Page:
Heidi taylor says
If you ever need to buy any aloe gel or gelly and are unable to get hold of it..I am a distributor and would be able to supply you with my online shop website address…email@example.com
I would be interested to hear your feedback on your ongoing use of the products. The gelly is great on burns.
David SuprDave Watts says
I have 20+ tattoos and have used polysporin on all of them. I very recently started on another & left my poly at a friends place,I have this stuff called -Total Tattoo Vitamin A & D. Can I use this just overnight?,for I will buy more polysporin in the morning
Can I use this just overnight?
As there is some concern about the use of aloe vera, try using after sun lotion. As tattoos heal much alike sunburns it works well. It gets absorbed really fast, and therefore also allows the tattoo to breathe while keeping it moist. Most contain aloe vera, which is good, but it isn’t as concentrated as it is in aloe vera lotion, which means you’ll be on the safe side. Paw Paw lotion works aswell, it’s what my local tattoo shop recommend and sell, but only use a tiny amount as it’s quite thick and greasy and slowly absorbed, so your skin cannot touch any unsanetary surfaces until it has dried, as it’ll pick up dirt and dust when it’s wet.
I have been using Trader Joe’s “A Midsummer Night’s Cream-Moisturizing Cream-Extra Dry Formula-Unscented Herbal Blend with Aloe” on my new tattoos for the week or so when the tattoo is getting dry, itchy, and flaky for years. It is inexpensive and works perfectly. Aside from leaving the bandage on overnight the first night and washing the tattoo well daily–it’s all I use to heal my tattoos quickly. No drawbacks.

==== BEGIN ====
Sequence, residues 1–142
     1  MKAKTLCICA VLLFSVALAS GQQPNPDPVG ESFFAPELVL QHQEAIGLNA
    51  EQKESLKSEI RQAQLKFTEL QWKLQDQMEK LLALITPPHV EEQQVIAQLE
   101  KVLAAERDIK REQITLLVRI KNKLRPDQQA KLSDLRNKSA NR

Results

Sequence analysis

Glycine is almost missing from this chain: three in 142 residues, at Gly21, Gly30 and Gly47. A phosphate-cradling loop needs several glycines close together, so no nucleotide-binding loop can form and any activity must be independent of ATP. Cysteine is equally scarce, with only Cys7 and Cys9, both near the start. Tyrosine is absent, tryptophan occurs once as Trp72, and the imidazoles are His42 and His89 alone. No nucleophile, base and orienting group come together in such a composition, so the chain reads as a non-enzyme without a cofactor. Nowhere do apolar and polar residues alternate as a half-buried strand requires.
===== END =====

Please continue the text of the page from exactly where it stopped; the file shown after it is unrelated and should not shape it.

Kate Treharne says
Whilst I was researching the affects of using Aloe Vera Gelly on new tattoos, I stumbled upon your page. I have used Aloe Vera Gelly on my new ink and am glad to say that it has healed nicely compared to other products such as Bepanthen (nappy rash cream).
The only thing I would question is your advice on is the length of time that the new tattoo is kept covered for….(Tattoos need both protection and air circulation. Keep gauze (no plastic) on for at least 3-5 hours or overnight. Remove the bandage within 12 hours and leave off if possible (you may need to cover it occasionally to keep it clean).
– My husband has been a successful (world champion) tattoo artist of 37 years and we advise our customer to only keep new ink covered for a minimal time. This should be followed by a hot (as hot as you can take it) shower, followed by a cold water rinse. Then the antibacterial lotion should be applied. Wash the tattoo 3 times a day in antibacterial soap, pat dry. The tattoo needs to breath as soon as possible and kept moisturised for the best results.
I will be sticking with the Gel/ Gelly (Forever Living) for future ink – Here’s hoping for more positive testimonials. Kate
RayRay Risin says
Oh no, the hot/cold thing does NOT do any good, it just causes pain. That’s what my artist and even my doctor told me. The pores need to stay CLOSED, and heat opens them, plus it irritates cuts/burns/similar injuries. Cool or even kinda cold feels wonderful, and since it keeps the pores closed, can help keep out germs. I use warm water when I wash mine, then cool/cold after to close things before putting on room temp Lubriderm.